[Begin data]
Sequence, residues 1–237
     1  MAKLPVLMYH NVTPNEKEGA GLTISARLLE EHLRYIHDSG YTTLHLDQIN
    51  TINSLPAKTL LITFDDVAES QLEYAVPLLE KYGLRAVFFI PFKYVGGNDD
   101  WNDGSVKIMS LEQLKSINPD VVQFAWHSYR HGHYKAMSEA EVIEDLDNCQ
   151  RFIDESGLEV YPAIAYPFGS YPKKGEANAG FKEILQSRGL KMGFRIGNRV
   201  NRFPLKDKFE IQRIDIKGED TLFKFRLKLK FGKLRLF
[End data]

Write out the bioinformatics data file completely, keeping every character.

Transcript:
Sequence, residues 1–237
     1  MAKLPVLMYH NVTPNEKEGA GLTISARLLE EHLRYIHDSG YTTLHLDQIN
    51  TINSLPAKTL LITFDDVAES QLEYAVPLLE KYGLRAVFFI PFKYVGGNDD
   101  WNDGSVKIMS LEQLKSINPD VVQFAWHSYR HGHYKAMSEA EVIEDLDNCQ
   151  RFIDESGLEV YPAIAYPFGS YPKKGEANAG FKEILQSRGL KMGFRIGNRV
   201  NRFPLKDKFE IQRIDIKGED TLFKFRLKLK FGKLRLF